Feb. 28, 2020: Sometimes grey whales do a funny thing. They strand themselves on beaches for no apparent reason. No injury. No illness. No obnoxious blasts from Navy sonars. They just get lost.
But why? A team of researchers from Duke University and the Adler Planetarium may have found the answer–and it’s a bit surprising. Their study was published in this week’s edition of Current Biology.
Biologists have long suspected that whales have an internal compass, allowing them to navigate using magnetic fields much like birds and bees do. This would make whales vulnerable to space weather. During geomagnetic storms, shifting magnetic field lines could confuse their internal compasses, throwing the whales off course.
But that’s not what the new study shows.
“We were really surprised by our results,” says lead author Jesse Granger, a PhD student in Biology at Duke University. “Strandings were NOT correlated with geomagnetic activity.” Instead, the best explanation seems to be solar radio bursts.
During periods of high solar activity, the sun emits broadband bursts of radio energy. Many shortwave radio operators have been surprised by a roar of static in their headphones after a strong solar flare. Whales seem to be tuning in as well.
Granger’s team looked at 35 years of grey whale stranding data compiled by NOAA. “We chose grey whales because their species has one of the longest migrations of any mammal and is a near-shore migrator — suggesting that small navigational errors increase the risk of stranding,” they wrote. “Only whales that likely stranded alive with no signs of injury, illness, emaciation, or human interaction (e.g. Navy sonar, entanglement, or boat strikes) were used.”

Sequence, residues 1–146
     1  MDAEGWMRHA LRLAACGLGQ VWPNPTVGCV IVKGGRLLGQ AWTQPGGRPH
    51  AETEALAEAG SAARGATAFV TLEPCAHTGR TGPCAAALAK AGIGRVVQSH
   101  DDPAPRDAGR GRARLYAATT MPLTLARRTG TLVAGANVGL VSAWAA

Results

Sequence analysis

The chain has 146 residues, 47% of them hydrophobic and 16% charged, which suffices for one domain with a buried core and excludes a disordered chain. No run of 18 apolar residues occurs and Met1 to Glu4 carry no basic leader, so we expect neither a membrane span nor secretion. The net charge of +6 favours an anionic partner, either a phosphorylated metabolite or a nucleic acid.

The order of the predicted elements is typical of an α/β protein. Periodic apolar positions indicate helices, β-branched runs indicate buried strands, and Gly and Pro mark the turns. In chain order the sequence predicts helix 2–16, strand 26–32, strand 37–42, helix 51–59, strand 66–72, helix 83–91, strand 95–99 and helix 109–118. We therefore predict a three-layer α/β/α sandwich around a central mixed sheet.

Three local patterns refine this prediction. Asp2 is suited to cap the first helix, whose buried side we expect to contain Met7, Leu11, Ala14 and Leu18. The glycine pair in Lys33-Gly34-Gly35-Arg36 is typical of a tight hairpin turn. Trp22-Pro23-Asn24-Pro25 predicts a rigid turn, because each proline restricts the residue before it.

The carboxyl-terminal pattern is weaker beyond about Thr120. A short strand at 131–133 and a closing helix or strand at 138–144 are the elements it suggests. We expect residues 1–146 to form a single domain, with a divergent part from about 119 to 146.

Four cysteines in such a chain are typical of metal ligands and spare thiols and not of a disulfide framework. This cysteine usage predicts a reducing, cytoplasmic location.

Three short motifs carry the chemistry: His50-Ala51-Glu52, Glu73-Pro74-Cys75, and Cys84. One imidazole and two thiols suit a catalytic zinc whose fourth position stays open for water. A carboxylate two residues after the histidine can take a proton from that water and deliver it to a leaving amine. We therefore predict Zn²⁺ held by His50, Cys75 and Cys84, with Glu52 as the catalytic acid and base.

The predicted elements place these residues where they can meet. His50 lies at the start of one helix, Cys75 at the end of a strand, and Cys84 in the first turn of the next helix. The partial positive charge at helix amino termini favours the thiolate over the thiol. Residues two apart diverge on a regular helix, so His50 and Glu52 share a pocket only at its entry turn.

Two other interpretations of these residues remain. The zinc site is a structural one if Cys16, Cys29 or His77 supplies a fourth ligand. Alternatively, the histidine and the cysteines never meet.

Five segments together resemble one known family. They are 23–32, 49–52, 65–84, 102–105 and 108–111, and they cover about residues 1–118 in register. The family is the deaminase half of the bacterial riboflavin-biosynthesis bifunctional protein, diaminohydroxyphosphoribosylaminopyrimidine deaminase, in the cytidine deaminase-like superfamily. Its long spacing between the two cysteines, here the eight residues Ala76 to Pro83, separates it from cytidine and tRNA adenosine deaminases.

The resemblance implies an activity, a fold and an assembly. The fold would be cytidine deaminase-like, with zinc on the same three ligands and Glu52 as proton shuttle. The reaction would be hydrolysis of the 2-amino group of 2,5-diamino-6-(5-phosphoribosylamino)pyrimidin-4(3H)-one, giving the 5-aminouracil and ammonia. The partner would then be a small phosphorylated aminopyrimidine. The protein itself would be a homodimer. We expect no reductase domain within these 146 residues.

They correlated the strandings with several long-running indices of solar activity including sunspot number, radio noise (F10.7) and geomagnetic activity (Ap). The results are shown in the histograms below.According to the statistics, there was a 4.3-fold increase in the likelihood of a stranding on days with high levels of 2800 MHz (F10.7) radio emission. On the other hand, there was NO relationship between the strandings and geomagnetic activity (Ap).
This is an important result, in part because it suggests how whales might be sensing magnetic fields. One possible explanation for magnetoreception in animals is the radical pair mechanism. This is a type of chemical compass in which magnetic fields regulate a chemical reaction involving proteins. In birds, the reaction takes place in the eyeball.
This type of compass can be disrupted by … you guessed it … radio frequency fields. If whales have a radical pair compass, it could completely explain Granger et al.’s results.
The new research could be life-saving as well. “Stranded whales rarely survive–only if they are found in time by groups that have the resources to re-float them,” notes Granger. “Using this correlation we may be able to make better predictions about when whales are at a higher risk of live stranding, and have the stranding networks be more active during those time periods.”
Given the recent troubles of grey whales, they need all the help they can get.
Learn more: Gray whales strand more often on days with increased levels of atmospheric radio-frequency noise, Granger, J. et al, Current Biology, Volume 30, ISSUE 4, PR155-R156, February 24, 2020.